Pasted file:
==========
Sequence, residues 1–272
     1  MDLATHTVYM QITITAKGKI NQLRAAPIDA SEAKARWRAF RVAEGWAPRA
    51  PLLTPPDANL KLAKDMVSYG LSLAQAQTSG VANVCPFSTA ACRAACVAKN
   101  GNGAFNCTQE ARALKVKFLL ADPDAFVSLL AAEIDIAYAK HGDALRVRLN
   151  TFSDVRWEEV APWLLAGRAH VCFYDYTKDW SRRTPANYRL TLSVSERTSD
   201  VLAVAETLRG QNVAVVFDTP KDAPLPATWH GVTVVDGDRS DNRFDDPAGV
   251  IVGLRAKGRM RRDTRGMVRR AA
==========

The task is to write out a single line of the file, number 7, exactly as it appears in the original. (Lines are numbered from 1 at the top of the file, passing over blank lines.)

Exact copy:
   251  IVGLRAKGRM RRDTRGMVRR AA